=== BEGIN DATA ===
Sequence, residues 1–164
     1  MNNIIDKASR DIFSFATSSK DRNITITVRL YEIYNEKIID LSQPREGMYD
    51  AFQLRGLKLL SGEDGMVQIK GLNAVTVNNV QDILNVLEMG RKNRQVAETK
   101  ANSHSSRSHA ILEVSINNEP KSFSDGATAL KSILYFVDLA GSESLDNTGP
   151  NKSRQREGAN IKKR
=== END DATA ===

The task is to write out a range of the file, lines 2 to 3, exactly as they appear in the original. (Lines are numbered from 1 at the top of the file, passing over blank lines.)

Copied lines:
     1  MNNIIDKASR DIFSFATSSK DRNITITVRL YEIYNEKIID LSQPREGMYD
    51  AFQLRGLKLL SGEDGMVQIK GLNAVTVNNV QDILNVLEMG RKNRQVAETK